Within the closed-off colony, social hierarchies and groups are formed on the basis of Within the closed-off colony, social hierarchies and groups are formed on the basis of information and disinformation, such that the penal system itself relies on the ignorance of those to be punished.

For in the process of his execution, the offender is supposed to decipher the inscription the machine administers to his body, and it is this eventual decoding which represents the torture's true purpose. Here, the dysfunctional quality of the machine, together with the artistic nature of the inscriptions, open up a poetological perspective which revolves around the motif of understanding. The object of these endeavours is the literary text, symbolized by the inscriptions.

Taking the narrated world of the island colony as a frame of reference, the figures embody the narrative functions of author, fictional character and reader, engaged in creation and reception. But ultimately, the literary text acts as censor: It does not yield to the reader's knocking on the gate; complete understanding is impossible. View on link. Mannheimer Studien zur Literatur- und Kulturwissenschaft, vol. View on roehrig-verlag. Hamlet at the Dentist's: Parodies of Shakespeare more. Introduction [on parody] more. Koch ed. Radio, TV, Web. View on www1. Metamorphosis: The Science of Change more.

Part of "Alien Nation Season". Broadcasts on Broadcasts on 13, 14 and 17 March , on 12 July , as well as on 1 and 7 June Franz Kafka and Metamorphosis. View on bbc. Die wundervolle Welt der Wissenschaftsparodien more. Interviewed for radio feature on parodies of academic writing, broadcast on Deutschland Radio Kultur on 16 September Transcript available online. View on dradio. This public talk will focus on the persecution of the Jews as described by non-Jewish German schoolchildren in the post-war period.

It will compare and contrast school essays from two archives which have yet to receive wider scholarly These essays offer interesting insights into how the young generation, as members of the perpetrator nation, handled their knowledge of their compatriots' persecution of the Jews, how they negotiated their own role and identity in post-war German society, and how they positioned themselves in the emerging discourses about coming-to-terms-with-the-Nazi-past. It appears that the immediacy of the fundamental collective crisis of consciousness experienced by Germans when the war was lost led to a widespread repression of the Holocaust in the school essays, whilst ten years later, personal affective bonds to the Nazis' discredited regime were much less significant for those in their teens in the s, and discursive patterns for addressing the Holocaust had become more established, thus enabling critical engagement with the legacies of the Third Reich.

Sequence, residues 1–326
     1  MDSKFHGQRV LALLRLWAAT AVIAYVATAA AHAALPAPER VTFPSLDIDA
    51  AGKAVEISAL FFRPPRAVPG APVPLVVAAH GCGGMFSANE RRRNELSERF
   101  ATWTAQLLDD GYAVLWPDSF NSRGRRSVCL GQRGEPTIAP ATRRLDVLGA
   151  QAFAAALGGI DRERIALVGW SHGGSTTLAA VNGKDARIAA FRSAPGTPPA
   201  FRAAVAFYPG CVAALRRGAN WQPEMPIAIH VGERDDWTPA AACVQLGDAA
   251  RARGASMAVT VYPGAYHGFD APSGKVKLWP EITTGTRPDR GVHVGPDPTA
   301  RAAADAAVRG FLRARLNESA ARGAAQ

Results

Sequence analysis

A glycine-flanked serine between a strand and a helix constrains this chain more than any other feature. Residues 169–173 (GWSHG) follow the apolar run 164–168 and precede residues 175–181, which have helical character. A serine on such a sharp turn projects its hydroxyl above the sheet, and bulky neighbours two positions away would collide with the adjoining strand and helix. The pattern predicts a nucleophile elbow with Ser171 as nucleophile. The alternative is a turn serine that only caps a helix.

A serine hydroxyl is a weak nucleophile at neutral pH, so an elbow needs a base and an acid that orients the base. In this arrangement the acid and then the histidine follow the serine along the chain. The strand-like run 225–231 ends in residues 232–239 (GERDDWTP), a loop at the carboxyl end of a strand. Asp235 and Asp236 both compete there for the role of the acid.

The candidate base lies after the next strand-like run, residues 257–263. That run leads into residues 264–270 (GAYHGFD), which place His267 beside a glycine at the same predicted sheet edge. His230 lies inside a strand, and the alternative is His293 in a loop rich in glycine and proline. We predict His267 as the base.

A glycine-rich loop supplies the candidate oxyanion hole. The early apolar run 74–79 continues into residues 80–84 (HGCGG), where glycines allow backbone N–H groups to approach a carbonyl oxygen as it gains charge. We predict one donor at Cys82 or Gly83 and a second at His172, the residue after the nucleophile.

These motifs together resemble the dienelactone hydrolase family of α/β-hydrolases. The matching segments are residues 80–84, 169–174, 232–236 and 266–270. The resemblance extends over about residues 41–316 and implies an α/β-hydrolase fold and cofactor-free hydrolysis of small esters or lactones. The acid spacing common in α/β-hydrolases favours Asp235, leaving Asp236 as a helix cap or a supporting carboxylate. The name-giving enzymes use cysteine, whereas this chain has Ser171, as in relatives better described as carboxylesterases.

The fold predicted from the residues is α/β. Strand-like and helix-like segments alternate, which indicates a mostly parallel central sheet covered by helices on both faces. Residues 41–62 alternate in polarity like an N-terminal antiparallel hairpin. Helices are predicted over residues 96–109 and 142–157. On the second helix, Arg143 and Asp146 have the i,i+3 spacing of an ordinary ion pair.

View on soundcloud. View on holocaust. I want that in order! Human Rights , Oral history , and Life Stories. View on jhbholocaust. Working in Archives in Germany and Israel more. Archives , Israel , and Germany. The German Road to Genocide" more. This public lecture focused on the pre-war process of increasing marginalisation, discrimination, and persecution of Jews in Nazi Germany.

The talk also thematised the benefits and incentives the Nazis provided to the German people in order to win their support. View on newcastle. In , Nuremberg's schools inspector Otto Barthel had local school children write essays on their wartime experiences.

They were also asked to fill in questionnaires which specifically addressed political attitudes of the young. The texts tell a complex story about the thoughts and feelings of German adolescents in the early postwar period, demonstrating the ideological influence of National Socialism, trauma suffered during the war, as well as the shock, frustration, and desorientation after the collapse of the Third Reich.

Of these topics, the descriptions of experienced air raids are the most visceral; they also clearly dominate the essays penned on 'An unforgettable experience'. This talk will argue that whilst the stories of the young differ considerably in terms of content, evaluations of events and narrative coping strategies, there is much less diversity when it comes to memories of the bombings, which indicates that these memories united the otherwise quite diverse young postwar generation. View on ncl. These texts tell a complex story about the thoughts and feelings of German adolescents in the early postwar period, demonstrating the ideological influence of National Socialism, trauma suffered during the war, as well as the shock, frustration, and desorientation after the collapse of the Third Reich.